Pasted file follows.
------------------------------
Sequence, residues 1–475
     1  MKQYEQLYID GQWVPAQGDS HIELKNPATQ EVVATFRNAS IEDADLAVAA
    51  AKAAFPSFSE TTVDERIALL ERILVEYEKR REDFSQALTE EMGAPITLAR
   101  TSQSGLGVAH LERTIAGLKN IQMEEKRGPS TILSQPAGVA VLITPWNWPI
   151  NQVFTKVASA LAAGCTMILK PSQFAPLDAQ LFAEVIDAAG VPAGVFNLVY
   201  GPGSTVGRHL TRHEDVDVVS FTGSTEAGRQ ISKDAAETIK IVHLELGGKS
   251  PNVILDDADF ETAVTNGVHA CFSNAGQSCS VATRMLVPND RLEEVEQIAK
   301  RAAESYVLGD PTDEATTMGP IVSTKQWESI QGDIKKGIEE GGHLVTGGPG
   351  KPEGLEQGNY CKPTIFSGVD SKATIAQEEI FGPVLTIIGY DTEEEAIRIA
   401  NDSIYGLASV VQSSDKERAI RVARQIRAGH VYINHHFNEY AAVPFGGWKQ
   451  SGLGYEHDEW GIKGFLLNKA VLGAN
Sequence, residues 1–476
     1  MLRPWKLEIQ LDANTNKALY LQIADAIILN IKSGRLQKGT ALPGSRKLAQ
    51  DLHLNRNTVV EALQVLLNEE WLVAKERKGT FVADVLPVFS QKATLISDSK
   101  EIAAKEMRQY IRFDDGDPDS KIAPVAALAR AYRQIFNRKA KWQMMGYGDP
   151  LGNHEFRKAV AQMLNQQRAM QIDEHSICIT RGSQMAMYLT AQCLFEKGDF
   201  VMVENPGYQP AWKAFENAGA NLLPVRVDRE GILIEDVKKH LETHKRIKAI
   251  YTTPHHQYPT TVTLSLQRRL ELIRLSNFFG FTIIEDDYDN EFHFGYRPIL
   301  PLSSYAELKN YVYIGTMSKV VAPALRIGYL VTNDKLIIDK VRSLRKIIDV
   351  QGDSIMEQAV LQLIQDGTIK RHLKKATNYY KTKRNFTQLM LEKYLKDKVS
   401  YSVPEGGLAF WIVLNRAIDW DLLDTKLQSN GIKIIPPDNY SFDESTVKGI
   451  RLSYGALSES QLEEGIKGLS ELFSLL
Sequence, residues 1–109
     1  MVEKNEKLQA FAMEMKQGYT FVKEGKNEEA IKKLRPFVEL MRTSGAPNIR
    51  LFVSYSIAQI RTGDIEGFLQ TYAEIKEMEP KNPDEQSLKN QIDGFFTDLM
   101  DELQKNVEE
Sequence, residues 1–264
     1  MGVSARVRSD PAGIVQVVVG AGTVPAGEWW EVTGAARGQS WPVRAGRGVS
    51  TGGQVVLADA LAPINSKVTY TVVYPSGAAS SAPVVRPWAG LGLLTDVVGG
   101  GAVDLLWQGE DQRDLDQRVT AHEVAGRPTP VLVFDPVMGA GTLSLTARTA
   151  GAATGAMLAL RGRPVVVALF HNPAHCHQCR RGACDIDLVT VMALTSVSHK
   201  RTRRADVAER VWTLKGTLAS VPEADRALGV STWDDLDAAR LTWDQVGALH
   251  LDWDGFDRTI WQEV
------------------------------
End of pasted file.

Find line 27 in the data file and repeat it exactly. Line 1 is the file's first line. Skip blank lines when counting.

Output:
Sequence, residues 1–264